Donegal Vernacular Cottage 2

Pictured at the launch of the ‘In Search of the Donegal Vernacular Cottage’ exhibition are architectural historian Dr. Barry O’Reilly, Joe Peoples Director of Service Donegal County Council, Yaima Gil, RESTURA historic preservation project in Havana, Cuba, Primrose Wilson CBE, President Ulster Architectural Heritage Society & Cllr. Michael Mc Bride, Chairperson County Donegal Heritage Forum.

 

Cllr. Michael McBride, Chairperson of the County Donegal Heritage Forum, pointed out that “The decline in our vernacular architecture is a serious cause of concern and issues such as the lack of craftsmen trained in traditional building skills, the difficulty in the availability of traditional building materials and the difficulty of homeowners to obtain thatch insurance or insurance for historic structures are issues that government and the building and insurance industries need to address as a matter of urgency.  Otherwise, many more of our traditional dwellings will be lost undermining our built heritage and cultural landscape as well as missed economic, employment and tourism opportunities.”  This message was reinforced by Cllr. Terence Slowey, outgoing Cathaoirleach of Donegal County Council, in his address to the ‘Conservation without Frontiers’ Summer School earlier this month when he noted that “Our heritage buildings underpin our tourism industry and it’s important that investment in our built heritage precedes its promotion by the tourism sector.  The Wild Atlantic Way is greatly enhanced by its built heritage and the stories it tells.  One of the challenges for the tourism and heritage sectors over the coming years will be to cooperate in order to best conserve and appropriately promote the built heritage of our county.”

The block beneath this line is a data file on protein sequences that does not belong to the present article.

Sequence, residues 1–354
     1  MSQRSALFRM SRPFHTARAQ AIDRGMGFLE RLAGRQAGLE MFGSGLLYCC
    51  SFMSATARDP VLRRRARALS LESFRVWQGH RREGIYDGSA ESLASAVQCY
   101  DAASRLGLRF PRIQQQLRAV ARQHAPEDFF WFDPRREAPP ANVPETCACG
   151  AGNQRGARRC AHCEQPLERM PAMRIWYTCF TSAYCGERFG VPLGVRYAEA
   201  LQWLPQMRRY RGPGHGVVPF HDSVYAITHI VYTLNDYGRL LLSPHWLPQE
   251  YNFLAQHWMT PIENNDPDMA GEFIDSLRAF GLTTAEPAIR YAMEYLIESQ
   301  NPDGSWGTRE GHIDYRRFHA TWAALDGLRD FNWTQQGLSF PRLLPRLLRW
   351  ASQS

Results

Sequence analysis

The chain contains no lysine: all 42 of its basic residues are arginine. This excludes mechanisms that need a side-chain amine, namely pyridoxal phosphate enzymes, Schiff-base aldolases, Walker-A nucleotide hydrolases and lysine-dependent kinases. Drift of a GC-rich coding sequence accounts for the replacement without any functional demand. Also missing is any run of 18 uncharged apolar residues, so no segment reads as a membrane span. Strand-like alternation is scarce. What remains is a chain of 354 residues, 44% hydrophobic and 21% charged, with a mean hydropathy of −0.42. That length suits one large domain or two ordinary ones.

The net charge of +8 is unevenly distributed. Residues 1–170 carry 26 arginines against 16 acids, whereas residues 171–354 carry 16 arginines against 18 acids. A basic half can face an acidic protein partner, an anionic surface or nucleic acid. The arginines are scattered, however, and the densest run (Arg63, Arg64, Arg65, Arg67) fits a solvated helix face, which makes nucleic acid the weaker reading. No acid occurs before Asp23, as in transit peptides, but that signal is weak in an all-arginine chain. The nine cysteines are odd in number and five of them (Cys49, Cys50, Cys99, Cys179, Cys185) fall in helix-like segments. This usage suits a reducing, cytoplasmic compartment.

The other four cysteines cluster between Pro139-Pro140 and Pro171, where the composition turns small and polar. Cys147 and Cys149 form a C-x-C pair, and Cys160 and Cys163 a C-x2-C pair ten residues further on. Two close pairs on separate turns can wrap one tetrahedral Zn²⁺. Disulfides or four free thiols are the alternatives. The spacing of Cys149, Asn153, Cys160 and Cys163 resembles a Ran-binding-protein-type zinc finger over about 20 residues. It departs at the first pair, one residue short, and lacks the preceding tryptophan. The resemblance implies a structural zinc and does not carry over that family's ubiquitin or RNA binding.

Dr. Greg Stevenson & Dr. Joseph Gallagher are co-authors of the ‘Traditional Cottages of County Donegal’ book.  Greg is the founder and owner of Under the Thatch, a social enterprise company that rescues and restores traditional buildings at risk.  He is the author of several publications including ‘The 1930s Home’, ‘Palaces for the People: prefabs in post-war Britain’, ‘Welsh Homes’ (with Gwenda Griffith) and ‘Introducing Houses of the Welsh Countryside’ (with Richard Sugget).  Greg is best known in Wales as the architectural historian on the television series ‘The Welsh House’ and ‘The Welsh Town’, and in England he was series consultant for BBC Restoration.  Joseph Gallagher is former Senior Lecturer in Geography and the Vernacular Built Environment at University College Chichester in England and is County Donegal Heritage Officer with Donegal County Council.  The ‘In Search of the Donegal Vernacular Cottage’ exhibition is funded by Donegal County Council, The Heritage Council & the ‘Creative Ireland’ programme as part of the implementation of the County Donegal Heritage Plan and runs until September 2 in the County Museum, High Road, Letterkenny.